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U.S. vetoes U.N. resolution demanding cease-fire in Gaza

Updated February 20, 2024 - 1:00 pm

UNITED NATIONS — The United States on Tuesday vetoed an Arab-backed U.N. resolution demanding an immediate humanitarian cease-fire in the Israel-Hamas war, saying it would interfere with negotiations on a deal to free hostages abducted in Israel.

The vote in the 15-member Security Council was 13-1 with the United Kingdom abstaining, reflecting the strong support for ending the more than four-month war, which started when Hamas terrorists invaded southern Israel, killing about 1,200 people and taking 250 others hostage. Since then, more than 29,000 Palestinians have been killed in Israel’s military offensive, according to the Hamas-run Health Ministry in Gaza.

It was the third U.S. veto of a Security Council resolution demanding a cease-fire in Gaza and came a day after the United States circulated a rival resolution that would support a temporary cease-fire in Gaza linked to the release of all hostages and call for the lifting of all restrictions on the delivery of humanitarian aid.

Virtually every council member — including the United States — expressed serious concern about Israeli Prime Minister Benjamin Netanyahu’s plan to evacuate civilians from Rafah in southern Gaza and move Israel’s military offensive to the area bordering Egypt, where Israel says Hamas terrorists are hiding.

U.S. Ambassador Linda Thomas-Greenfield said the United States understands the council’s desire for urgent action but believes the resolution would “negatively impact” sensitive negotiations on a hostage deal and pause in fighting for at least six weeks. If that happens, “we can take the time to build a more enduring peace,” she said.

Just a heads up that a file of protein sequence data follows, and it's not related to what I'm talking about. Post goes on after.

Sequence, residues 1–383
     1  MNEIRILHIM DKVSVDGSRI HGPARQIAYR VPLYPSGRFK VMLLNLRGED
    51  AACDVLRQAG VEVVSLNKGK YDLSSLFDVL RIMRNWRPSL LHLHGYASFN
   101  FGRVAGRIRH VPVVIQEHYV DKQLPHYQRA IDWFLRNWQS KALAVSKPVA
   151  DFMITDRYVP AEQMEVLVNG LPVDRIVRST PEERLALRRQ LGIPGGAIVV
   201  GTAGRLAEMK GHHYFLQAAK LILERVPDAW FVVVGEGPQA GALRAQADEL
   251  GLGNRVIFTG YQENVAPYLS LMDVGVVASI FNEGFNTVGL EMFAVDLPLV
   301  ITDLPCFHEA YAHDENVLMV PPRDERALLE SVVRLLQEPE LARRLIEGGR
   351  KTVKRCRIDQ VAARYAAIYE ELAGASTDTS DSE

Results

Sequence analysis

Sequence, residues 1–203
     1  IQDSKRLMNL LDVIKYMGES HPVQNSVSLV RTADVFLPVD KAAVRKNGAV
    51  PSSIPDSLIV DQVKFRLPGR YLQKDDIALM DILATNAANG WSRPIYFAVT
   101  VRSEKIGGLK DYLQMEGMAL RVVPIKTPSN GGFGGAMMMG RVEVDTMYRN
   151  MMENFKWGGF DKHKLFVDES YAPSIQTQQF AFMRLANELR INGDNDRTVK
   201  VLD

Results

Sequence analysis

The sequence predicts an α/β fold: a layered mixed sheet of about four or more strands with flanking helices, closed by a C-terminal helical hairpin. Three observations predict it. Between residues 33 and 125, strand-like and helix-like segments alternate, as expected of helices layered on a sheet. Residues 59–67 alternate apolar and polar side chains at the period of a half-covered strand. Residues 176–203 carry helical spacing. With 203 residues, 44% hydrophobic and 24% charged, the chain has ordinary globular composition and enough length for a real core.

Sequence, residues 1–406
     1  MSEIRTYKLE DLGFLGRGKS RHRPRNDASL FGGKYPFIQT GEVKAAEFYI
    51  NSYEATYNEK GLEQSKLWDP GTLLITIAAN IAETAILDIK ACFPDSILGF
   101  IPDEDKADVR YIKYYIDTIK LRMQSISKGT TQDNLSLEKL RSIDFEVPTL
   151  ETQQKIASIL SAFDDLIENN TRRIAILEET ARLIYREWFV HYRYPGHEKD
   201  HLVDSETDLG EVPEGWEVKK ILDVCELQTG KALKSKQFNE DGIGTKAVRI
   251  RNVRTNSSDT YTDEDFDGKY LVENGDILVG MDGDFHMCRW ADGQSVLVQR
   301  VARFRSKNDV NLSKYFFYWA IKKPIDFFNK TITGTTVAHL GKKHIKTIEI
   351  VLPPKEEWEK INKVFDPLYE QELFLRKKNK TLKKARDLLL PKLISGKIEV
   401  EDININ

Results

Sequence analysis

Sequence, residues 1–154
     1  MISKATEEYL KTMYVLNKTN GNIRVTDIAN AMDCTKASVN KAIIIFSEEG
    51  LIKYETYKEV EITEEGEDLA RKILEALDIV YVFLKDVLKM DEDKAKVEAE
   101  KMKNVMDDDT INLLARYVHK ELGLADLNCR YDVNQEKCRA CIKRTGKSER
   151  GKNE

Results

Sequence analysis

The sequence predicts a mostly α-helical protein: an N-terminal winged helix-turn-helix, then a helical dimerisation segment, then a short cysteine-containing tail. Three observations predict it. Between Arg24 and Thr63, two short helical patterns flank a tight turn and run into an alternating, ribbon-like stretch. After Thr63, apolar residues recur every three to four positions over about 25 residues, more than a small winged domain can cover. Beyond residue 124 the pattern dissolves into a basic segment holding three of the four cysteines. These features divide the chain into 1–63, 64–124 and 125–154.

The proposed U.S. resolution, Thomas-Greenfield said, “would do what this text does not — pressure Hamas to take the hostage deal that is on the table and help secure a pause that allows humanitarian assistance to reach Palestinian civilians in desperate need.”

What happens next remains to be seen.

The 22-nation Arab Group could take its resolution to the U.N. General Assembly, which includes all 193 U.N. member nations, where it is virtually certain to be approved. But unlike Security Council resolutions, assembly resolutions are not legally binding.

Thomas-Greenfield told the council the United States “will work in earnest in negotiating” on its proposed resolution, leaving time for all council members to comment, “rather than impose an arbitrary deadline for the vote.”

The defeated Arab-backed resolution would have demanded an immediate humanitarian cease-fire to be respected by all parties, which implies an end to the war.

By contrast, the U.S. draft resolution would underscore the Security Council’s support for a temporary cease-fire “as soon as practicable, based on the formula of all hostages being released,” and call for “lifting all barriers to the provision of humanitarian assistance at scale.”

It is the first time the U.S. has used the word “cease-fire,” as opposed to cessation of hostilities.

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